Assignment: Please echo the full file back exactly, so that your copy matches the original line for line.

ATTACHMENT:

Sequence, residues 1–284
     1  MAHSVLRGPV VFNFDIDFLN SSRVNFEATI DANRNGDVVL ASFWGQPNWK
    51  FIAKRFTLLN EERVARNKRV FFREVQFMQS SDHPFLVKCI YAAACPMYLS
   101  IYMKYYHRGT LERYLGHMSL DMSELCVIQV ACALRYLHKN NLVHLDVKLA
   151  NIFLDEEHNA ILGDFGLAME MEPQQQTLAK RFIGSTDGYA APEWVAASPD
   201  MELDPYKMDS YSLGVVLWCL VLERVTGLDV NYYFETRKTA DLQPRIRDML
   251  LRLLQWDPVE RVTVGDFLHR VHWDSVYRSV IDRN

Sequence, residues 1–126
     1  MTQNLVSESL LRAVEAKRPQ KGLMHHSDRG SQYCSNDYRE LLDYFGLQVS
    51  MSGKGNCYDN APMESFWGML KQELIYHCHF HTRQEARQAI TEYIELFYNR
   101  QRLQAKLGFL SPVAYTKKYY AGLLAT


Sequence, residues 1–284
     1  MAHSVLRGPV VFNFDIDFLN SSRVNFEATI DANRNGDVVL ASFWGQPNWK
    51  FIAKRFTLLN EERVARNKRV FFREVQFMQS SDHPFLVKCI YAAACPMYLS
   101  IYMKYYHRGT LERYLGHMSL DMSELCVIQV ACALRYLHKN NLVHLDVKLA
   151  NIFLDEEHNA ILGDFGLAME MEPQQQTLAK RFIGSTDGYA APEWVAASPD
   201  MELDPYKMDS YSLGVVLWCL VLERVTGLDV NYYFETRKTA DLQPRIRDML
   251  LRLLQWDPVE RVTVGDFLHR VHWDSVYRSV IDRN

Sequence, residues 1–126
     1  MTQNLVSESL LRAVEAKRPQ KGLMHHSDRG SQYCSNDYRE LLDYFGLQVS
    51  MSGKGNCYDN APMESFWGML KQELIYHCHF HTRQEARQAI TEYIELFYNR
   101  QRLQAKLGFL SPVAYTKKYY AGLLAT